In PLOS Genetics, researchers from the Icahn School of Medicine and elsewhere describe a founder mutation involved in a subset of autosomal recessive leukoencephalopathy cases, a condition marked by white matter abnormalities in the central nervous system that produce neurological symptoms. The team did exome sequencing on five leukoencephalopathy-affected individuals from three Ashkenazi Jewish families, all showing similar developmental delay, seizure, and other symptoms. The search led to a homozygous, missense mutation in the vacuole protein-sorting gene VPS11 that subsequently turned up in other children with leukoencephalopathy. The investigators note that the alteration appears to be more common in individuals of Ashkenazi Jewish ancestry, with an estimated allele frequency of one in 250, but it was reported only rarely in the ExAc database.
A Brazilian team looks at the transcripts and proteins present in the saliva of the kissing bug Rhodnius neglectus, an insect that can transmit the Chagas disease-causing protozoan Trypanozoma cruzi. As they report in PLOS Neglected Tropical Diseases, the researchers used RNA sequencing and mass spectrometry to profile transcripts and proteins in saliva samples from nymph and adult kissing bugs raised at a Brazilian insectarium. The analysis uncovered transcripts coinciding with thousands of protein-coding genes, including 636 genes believed to code for secreted proteins found in insect saliva. Based on their findings, the study's authors argue that "[s]aliva contents have evolved to adapt to blood-feeding habit, ensuring the maintenance of blood flow, the success of the [blood] meal, and transmission of diseases."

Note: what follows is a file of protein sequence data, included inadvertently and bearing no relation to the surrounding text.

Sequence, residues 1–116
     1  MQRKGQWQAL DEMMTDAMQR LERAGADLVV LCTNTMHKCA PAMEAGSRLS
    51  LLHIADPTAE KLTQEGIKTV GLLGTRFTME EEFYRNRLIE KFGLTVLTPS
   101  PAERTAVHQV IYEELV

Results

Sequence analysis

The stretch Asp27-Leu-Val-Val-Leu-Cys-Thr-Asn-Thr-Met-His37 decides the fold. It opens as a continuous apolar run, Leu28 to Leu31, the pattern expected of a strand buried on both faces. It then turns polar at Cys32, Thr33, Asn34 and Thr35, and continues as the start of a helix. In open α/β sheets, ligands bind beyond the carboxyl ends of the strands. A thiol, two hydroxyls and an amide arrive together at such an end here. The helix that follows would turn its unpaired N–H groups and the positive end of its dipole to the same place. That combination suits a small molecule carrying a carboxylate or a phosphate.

French researchers reporting in PLOS One explore genetic diversity, relationships, and epidemiological patterns for Mycobacterium tuberculosis complex strains isolated from individuals diagnosed with tuberculosis in the Rhône Alpes region of France between 2000 and 2010. Using sequence typing strategies, phylogenetic analyses, and other approaches, the team assessed M. tuberculosis isolates from 2,257 TB-infected individuals, uncovering clusters of strains that largely coincided with evolutionarily recent Euro-American lineages. "We believe that the results obtained under this large population-based study represent an important initiative for the supervision, control, and eradication of TB in low-incidence western countries," the authors note.